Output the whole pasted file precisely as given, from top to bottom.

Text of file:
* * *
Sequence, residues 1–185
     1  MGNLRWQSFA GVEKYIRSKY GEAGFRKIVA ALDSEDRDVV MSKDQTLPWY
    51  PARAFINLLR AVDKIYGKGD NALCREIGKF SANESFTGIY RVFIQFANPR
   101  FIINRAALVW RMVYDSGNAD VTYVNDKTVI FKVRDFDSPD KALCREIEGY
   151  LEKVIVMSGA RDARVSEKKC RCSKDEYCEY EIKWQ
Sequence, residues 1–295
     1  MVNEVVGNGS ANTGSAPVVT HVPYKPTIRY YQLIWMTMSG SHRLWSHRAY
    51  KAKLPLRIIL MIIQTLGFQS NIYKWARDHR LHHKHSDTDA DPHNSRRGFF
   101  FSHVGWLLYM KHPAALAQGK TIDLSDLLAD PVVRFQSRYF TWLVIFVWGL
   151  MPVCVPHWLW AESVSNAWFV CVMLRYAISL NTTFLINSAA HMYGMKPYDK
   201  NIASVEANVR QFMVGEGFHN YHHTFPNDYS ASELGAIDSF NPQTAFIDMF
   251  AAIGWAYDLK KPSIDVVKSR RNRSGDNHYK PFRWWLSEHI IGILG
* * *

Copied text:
Sequence, residues 1–185
     1  MGNLRWQSFA GVEKYIRSKY GEAGFRKIVA ALDSEDRDVV MSKDQTLPWY
    51  PARAFINLLR AVDKIYGKGD NALCREIGKF SANESFTGIY RVFIQFANPR
   101  FIINRAALVW RMVYDSGNAD VTYVNDKTVI FKVRDFDSPD KALCREIEGY
   151  LEKVIVMSGA RDARVSEKKC RCSKDEYCEY EIKWQ
Sequence, residues 1–295
     1  MVNEVVGNGS ANTGSAPVVT HVPYKPTIRY YQLIWMTMSG SHRLWSHRAY
    51  KAKLPLRIIL MIIQTLGFQS NIYKWARDHR LHHKHSDTDA DPHNSRRGFF
   101  FSHVGWLLYM KHPAALAQGK TIDLSDLLAD PVVRFQSRYF TWLVIFVWGL
   151  MPVCVPHWLW AESVSNAWFV CVMLRYAISL NTTFLINSAA HMYGMKPYDK
   201  NIASVEANVR QFMVGEGFHN YHHTFPNDYS ASELGAIDSF NPQTAFIDMF
   251  AAIGWAYDLK KPSIDVVKSR RNRSGDNHYK PFRWWLSEHI IGILG